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Lake running: The runner’s winter adventure

The upside to winter running is laying down these watery routes that would be impossible in any other season. Story by Derrick Spafford.


Winter often gets a bad rap from Canadian runners who long for warm temperatures and firm running conditions. Many runners – both road and trail – feel trapped indoors during the winter months, but in fact Canadian runners are fortunate to have such a wide variety of conditions to train in.

A surface that many runners don’t consider as an option during the winter months is ice. Canada has an abundance of lakes, ponds and marshes that feature some of the most beautiful routes that you will find for running. A run on a well-frozen lake can be one of the most exhilarating runs you will ever have, and is a way to embrace the beauty and stillness of winter.

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If there’s no snow on the lake, but just ice, the most important thing to consider is traction. Harnessing your inner track runner, one option is to wear a pair of track or cross-country spikes. Spikes will give you tremendous traction, and what could be more fun than doing an interval workout on a frozen track in the middle of a lake?


There are many other traction devices available that are as good as or better than spikes and easily slip onto your shoes. You can also make a pair of screw shoes by screwing in a handful of sheet-metal screws into the outsole of your shoes (No. 8 half-inch, hex-head sheet-metal screws). The lip on the screw provides great grip on ice.

If there is a moderate amount of snow on the lake, one option to get a great lake run in is by following snowmobile trails. There are many well-organized snowmobile clubs across Canada that map out routes which cross lakes and are great to run on. Tap into their route-finding resources, and also enjoy the added safety precaution of using their updates on current ice conditions.

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If snow conditions are deep, you can still enjoy a wonderful lake run, but may have to strap on your running snowshoes to give you a little better flotation and traction in the more challenging conditions. Lakes are pancake f lat of course, but the effort will make it seem like you are running uphill the entire way, for a great workout.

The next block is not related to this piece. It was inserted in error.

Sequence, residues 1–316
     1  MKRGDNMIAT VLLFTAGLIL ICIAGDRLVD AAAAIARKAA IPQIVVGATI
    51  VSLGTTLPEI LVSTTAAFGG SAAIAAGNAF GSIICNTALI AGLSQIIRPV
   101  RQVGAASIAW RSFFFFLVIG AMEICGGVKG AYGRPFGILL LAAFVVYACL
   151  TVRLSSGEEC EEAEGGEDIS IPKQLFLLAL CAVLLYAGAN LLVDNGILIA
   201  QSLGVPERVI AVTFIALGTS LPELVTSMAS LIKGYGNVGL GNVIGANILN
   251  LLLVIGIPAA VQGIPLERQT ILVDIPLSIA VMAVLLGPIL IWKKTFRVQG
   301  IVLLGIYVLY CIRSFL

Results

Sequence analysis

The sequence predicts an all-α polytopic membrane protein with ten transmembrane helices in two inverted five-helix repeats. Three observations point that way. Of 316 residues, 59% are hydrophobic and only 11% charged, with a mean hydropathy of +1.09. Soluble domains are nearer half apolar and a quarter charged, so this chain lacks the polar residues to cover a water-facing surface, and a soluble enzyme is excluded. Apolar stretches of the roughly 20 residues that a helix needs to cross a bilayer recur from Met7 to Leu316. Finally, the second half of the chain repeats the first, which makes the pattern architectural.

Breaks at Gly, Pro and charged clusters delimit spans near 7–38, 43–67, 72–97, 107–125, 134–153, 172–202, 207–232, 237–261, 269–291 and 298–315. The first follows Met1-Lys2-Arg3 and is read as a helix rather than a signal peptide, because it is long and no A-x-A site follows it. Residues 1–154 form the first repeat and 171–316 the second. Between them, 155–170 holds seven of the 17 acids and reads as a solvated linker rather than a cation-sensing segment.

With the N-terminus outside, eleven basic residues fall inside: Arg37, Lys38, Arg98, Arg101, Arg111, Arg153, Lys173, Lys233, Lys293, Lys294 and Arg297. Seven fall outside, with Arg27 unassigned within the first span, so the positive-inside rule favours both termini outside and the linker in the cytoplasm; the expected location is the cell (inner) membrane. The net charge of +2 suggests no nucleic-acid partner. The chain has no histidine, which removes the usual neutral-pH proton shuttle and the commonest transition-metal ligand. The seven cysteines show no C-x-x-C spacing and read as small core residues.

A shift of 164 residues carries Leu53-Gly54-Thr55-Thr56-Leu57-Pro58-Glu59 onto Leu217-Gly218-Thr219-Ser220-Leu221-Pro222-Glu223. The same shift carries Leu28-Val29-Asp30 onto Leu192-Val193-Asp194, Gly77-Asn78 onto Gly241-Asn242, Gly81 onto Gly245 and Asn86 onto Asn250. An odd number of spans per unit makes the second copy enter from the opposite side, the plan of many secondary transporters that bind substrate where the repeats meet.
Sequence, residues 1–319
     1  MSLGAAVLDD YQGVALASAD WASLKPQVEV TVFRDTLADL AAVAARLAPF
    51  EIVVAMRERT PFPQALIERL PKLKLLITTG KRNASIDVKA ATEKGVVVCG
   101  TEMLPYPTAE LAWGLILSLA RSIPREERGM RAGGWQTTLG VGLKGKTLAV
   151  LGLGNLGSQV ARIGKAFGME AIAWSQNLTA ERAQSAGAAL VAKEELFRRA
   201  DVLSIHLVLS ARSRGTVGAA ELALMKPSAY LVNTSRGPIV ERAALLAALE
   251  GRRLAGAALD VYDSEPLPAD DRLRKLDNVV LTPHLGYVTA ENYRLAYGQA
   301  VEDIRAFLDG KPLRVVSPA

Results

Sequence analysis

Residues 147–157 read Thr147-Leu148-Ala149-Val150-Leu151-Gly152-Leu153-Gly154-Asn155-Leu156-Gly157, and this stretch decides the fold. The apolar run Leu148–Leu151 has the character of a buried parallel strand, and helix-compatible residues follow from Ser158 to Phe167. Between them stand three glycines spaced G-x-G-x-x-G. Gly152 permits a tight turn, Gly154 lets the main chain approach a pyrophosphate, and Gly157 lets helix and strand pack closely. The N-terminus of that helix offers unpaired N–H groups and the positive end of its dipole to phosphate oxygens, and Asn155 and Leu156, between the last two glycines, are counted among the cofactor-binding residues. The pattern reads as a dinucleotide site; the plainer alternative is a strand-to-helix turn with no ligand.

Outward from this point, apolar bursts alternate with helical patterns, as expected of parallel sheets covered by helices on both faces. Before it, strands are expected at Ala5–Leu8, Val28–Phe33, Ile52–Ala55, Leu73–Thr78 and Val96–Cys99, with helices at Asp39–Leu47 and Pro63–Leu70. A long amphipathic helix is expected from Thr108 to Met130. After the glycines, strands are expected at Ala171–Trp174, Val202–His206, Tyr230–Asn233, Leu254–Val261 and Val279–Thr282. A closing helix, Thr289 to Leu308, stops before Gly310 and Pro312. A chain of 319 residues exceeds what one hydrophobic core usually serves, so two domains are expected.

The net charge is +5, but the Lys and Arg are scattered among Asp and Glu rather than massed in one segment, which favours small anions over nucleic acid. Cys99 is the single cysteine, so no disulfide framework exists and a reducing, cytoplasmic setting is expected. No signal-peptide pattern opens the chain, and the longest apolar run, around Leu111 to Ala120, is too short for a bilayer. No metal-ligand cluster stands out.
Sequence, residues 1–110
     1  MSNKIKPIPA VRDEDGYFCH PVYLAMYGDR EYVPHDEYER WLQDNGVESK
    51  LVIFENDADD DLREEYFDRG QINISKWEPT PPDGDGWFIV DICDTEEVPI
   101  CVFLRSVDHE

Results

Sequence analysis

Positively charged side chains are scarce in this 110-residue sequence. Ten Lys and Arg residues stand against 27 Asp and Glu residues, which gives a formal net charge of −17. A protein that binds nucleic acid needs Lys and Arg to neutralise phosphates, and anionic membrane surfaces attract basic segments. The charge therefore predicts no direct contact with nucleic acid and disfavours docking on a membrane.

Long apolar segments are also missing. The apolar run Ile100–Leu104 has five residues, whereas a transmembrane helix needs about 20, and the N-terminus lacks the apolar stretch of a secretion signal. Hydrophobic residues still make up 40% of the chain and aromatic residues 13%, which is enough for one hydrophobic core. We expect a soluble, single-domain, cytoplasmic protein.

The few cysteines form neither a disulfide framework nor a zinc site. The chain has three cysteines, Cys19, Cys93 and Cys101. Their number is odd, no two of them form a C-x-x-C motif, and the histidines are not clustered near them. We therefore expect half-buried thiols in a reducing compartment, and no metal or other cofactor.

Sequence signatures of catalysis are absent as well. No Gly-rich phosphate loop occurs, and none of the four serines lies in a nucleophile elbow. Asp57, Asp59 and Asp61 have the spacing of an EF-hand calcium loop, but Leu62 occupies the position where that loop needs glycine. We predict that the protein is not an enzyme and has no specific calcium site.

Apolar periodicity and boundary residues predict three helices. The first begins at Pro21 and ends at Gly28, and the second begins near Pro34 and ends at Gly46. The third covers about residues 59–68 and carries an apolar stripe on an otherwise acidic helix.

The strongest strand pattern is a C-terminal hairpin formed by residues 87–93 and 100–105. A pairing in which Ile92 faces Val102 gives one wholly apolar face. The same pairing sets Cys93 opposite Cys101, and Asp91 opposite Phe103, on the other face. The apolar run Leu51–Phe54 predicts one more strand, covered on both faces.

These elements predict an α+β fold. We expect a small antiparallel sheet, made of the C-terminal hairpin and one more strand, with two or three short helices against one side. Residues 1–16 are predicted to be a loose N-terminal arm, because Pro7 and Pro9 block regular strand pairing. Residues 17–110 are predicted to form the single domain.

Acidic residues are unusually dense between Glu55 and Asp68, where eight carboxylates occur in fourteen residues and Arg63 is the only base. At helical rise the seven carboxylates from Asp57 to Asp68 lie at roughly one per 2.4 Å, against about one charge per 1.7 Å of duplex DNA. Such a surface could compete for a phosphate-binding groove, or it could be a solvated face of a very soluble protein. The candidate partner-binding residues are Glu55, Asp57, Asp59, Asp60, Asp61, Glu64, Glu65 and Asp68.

Running lakes may get you a little farther out into the wilderness than a regular trail run. The animal tracks on lakes will be significantly more abundant than human footprints. Seeing deer, coyotes, foxes and wolves crossing lakes is not uncommon as they are more visible out in the open. Last winter at Frontenac Provincial Park, north of Kingston, Ont. I had the rare treat on one of my lake runs of seeing an entire pack of coyotes surrounding a recent deer kill.

Winter can give you a very different vantage point of your regular trail running routes as well. Instead of looking out from tree cover down to clear blue water, you are now in the middle of the frozen lake looking back up to the shoreline and seeing everything in reverse.

When you’re back from your run, be prepared to amaze your friends when you post your GPS data and they see that you’ve been running on water.

Favourite Lakes:

Land ’O Lakes Region, Ont.:
This region of eastern Ontario is a hotbed for snowmobiling, with many well established trails crossing lakes that are great for running.
Big Salmon Lake, Ont.:
This beautiful lake in the middle of Frontenac Provincial Park makes for a scenic loop with a wide variety of rock formations and forested shorelines.
Great Slave Lake, Yellowknife, N.W.T.:
Running on Great Slave Lake, including its famed Ice Road, is an experience not to be missed if you find yourself in Yellowknife during the winter months.


Know the Ice
The first rule of lake running is that you need to know how safe it is. When in doubt, stay off the ice. Checking the trail and lake conditions from the local snowmobile club is a good place to begin.
Overflow Water
Pooling overtop of ice can range from being an uncomfortable inconvenience to a severe danger. Gore-Tex trail shoes, waterproof socks or overshoes can help, but only if the water isn’t too deep. Overflow should always be avoided.
Depending on lake conditions, you may need a screw-in or slip-on traction device, running crampon or running snowshoes.
Common Sense
Following the basic rules of trail running is that much more vital in the winter when running lakes. Make sure to tell others your planned route and bringing extra gear for the conditions.